Finishing the Correlation-Based Model

Developing Models for Kalman Filters

In the previous installment, we took the observations from an empirical correlation analysis to count the response modes related to model states, and constructed state equations that generate those patterns of response. This is what we have so far.


x 1 i + 1 = 0.985 x 1 i + 0.0 x 2 i + 0.0 x 3 i + 0.0 x 4 i + 1.0 u i x 2 i + 1 = 0.0 x 1 i + 0.930 x 2 i + 0.0 x 3 i + 0.0 x 4 i + 1.0 u i x 3 i + 1 = 0.0 x 1 i + 0.0 x 2 i + 0.9896 x 3 i + -0.01477 x 3 i + 1.0 u i x 4 i + 1 = 0.0 x 1 i + 0.0 x 2 i + 0.01477 x 3 i + 0.9896 x 4 i + 0.0 u i


However, we did not yet attempt to reconstruct the output sequence. We will do that this time, in the following steps.

  1. Use the Octave system to apply the input data set from the correlation testing to the system state matrix, as constructed so far. Record the patterns of internal state variables generated.
  2. Use Linear Least Squares methods to find the combination of those response patterns that best predicts the output sequence observed from actual system.
  3. Use the best fit result to define the observation equation.
  4. Check the results. Results are verified by running data through the system model equations a second time, comparing the final predictions to the actual system outputs.


The state expansion pass

We previously devised a state equation system to try. Read the input data sequence from the test data set. Start the state equations from an initial zero state, knowing no better information. Take the input values one at a time, apply them to the u input variable, and record what happens in the state vector x1 through x4. Place these values into a matrix by row; then each column of the matrix represents the trajectory of one state variable in response to the input sequence. Call this giant matrix X.

% Expand the response sequence of this state model
state = zeros(4,1);
Xstate = zeros(nrun,4);
for iterm=1:nrun
  Xstate(iterm,:) = state';
  state = Amat*state + Bmat*indat(iterm);


The output fitting pass

Octave makes this shockingly easy. If the state transition model were perfect, every output value will be predicted exactly by one specific combination of the generated state data. The combination takes care of all response-scaling issues. For the case of sine and cosine wave pairs, the relative weighting between the two establishes any required phase angle property.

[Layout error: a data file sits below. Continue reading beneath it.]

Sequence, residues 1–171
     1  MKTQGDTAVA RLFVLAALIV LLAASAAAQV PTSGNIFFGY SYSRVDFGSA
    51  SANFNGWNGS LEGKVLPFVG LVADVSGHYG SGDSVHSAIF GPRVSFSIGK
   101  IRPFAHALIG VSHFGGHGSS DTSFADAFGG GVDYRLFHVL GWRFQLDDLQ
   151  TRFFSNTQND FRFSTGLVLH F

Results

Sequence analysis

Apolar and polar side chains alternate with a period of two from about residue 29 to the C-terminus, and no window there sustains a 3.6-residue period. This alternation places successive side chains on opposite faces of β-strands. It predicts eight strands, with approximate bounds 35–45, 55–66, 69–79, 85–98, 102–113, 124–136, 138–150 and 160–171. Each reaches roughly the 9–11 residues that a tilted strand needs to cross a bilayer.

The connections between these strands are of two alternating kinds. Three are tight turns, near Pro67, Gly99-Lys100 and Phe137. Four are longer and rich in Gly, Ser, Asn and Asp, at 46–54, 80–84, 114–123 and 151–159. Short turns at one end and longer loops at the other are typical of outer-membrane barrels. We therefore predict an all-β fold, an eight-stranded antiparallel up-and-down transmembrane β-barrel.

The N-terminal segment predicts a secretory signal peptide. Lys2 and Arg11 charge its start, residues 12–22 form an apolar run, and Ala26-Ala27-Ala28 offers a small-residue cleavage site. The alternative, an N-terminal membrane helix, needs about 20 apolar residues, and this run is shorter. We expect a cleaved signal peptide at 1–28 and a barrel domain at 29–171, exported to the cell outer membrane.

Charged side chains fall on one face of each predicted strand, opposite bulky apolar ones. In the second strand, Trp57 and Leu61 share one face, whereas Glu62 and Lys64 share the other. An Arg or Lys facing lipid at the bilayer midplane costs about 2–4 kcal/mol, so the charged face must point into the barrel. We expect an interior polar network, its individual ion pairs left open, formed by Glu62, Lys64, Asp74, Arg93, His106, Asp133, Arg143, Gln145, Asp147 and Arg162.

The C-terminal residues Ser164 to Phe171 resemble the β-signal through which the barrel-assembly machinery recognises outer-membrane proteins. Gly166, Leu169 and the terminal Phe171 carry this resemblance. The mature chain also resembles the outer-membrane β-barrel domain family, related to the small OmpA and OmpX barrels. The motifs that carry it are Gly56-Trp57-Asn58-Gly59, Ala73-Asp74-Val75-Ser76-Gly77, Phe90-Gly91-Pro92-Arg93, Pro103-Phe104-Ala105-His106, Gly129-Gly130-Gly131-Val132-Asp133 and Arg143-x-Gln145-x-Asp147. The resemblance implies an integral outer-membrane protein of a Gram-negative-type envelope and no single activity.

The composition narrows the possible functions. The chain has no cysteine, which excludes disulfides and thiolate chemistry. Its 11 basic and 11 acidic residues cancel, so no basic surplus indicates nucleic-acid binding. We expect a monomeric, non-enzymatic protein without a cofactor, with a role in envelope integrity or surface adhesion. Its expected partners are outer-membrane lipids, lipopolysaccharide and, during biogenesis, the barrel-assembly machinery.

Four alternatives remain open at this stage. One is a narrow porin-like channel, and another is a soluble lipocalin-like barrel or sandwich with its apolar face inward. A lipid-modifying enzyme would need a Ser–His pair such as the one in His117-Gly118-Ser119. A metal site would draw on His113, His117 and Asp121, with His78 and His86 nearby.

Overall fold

Use the X matrix for the constraint matrix M of a linear least squares problem. This is the matrix of output patterns generated for each state variable. Use the vector of observed actual output values from the test input/output data set as the target Y vector for the Least Squares fit. Construct the normal equations and solve them.

MMat = Xstate'*Xstate;
RMat = Xstate'*outdat;
MInv = MMat^-1;
P = MInv*RMat;

Take the transpose of the best fit parameter vector P as the coefficients of the observation equation.

y i = c 1 x 1 i + c 2 x 2 i + c 3 x 3 i + c 4 x 4 i

For reference, here are the observation equation coefficients produced by the best-fit calculations.

Cmat = [ 0.123202,  -0.149194, 0.047342, 0.027858 ]


The verification pass

We already know what the state variable responses are to the input sequence: this produces the matrix X. So, all that is left is to apply the "best fit" combination and generate the output prediction sequence.

yfit = Cmat * Xstate;

Here is a plot of the model predictions compared to the original system outputs as measured.


Perfect results are not expected. However, we can see that the overall performance is rather remarkable given the somewhat crude and subjective nature of the analysis used.

The most obvious discrepancies are an occasional fast oscillation, occurring sporadically. Remember that "high frequency glitch" that we chose to disregard in the correlation analysis? Well, here it is. It does appear to be more than a filtering artifact. But is it desirable? Not reproducing that particular behavior could be considered a beneficial result: an undesirable component of the response is eliminated by making the model simpler.

But on the other hand, we might now reconsider, and decide to add an additional response features to the model. The near-diagonal model structure is helpful for trying this, but we don't have any kind of reasonable parameter estimate. Next time we will revisit the LMS method and try "growing" a new impulse response mode.



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